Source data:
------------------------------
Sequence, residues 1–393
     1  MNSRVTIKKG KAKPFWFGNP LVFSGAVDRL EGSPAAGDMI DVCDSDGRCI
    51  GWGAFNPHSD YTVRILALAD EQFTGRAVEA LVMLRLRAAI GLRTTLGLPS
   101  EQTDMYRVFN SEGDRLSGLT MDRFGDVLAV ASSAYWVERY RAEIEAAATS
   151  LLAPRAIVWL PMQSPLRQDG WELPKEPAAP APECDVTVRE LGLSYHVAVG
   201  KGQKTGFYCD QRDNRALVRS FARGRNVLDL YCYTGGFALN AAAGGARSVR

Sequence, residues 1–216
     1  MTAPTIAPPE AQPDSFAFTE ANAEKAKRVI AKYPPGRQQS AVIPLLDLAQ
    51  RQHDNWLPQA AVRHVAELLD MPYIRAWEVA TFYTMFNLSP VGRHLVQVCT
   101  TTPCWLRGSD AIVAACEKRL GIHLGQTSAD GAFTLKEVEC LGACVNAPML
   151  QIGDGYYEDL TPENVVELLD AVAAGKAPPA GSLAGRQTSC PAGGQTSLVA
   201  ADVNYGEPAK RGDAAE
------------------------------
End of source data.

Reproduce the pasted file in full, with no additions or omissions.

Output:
Sequence, residues 1–393
     1  MNSRVTIKKG KAKPFWFGNP LVFSGAVDRL EGSPAAGDMI DVCDSDGRCI
    51  GWGAFNPHSD YTVRILALAD EQFTGRAVEA LVMLRLRAAI GLRTTLGLPS
   101  EQTDMYRVFN SEGDRLSGLT MDRFGDVLAV ASSAYWVERY RAEIEAAATS
   151  LLAPRAIVWL PMQSPLRQDG WELPKEPAAP APECDVTVRE LGLSYHVAVG
   201  KGQKTGFYCD QRDNRALVRS FARGRNVLDL YCYTGGFALN AAAGGARSVR

Sequence, residues 1–216
     1  MTAPTIAPPE AQPDSFAFTE ANAEKAKRVI AKYPPGRQQS AVIPLLDLAQ
    51  RQHDNWLPQA AVRHVAELLD MPYIRAWEVA TFYTMFNLSP VGRHLVQVCT
   101  TTPCWLRGSD AIVAACEKRL GIHLGQTSAD GAFTLKEVEC LGACVNAPML
   151  QIGDGYYEDL TPENVVELLD AVAAGKAPPA GSLAGRQTSC PAGGQTSLVA
   201  ADVNYGEPAK RGDAAE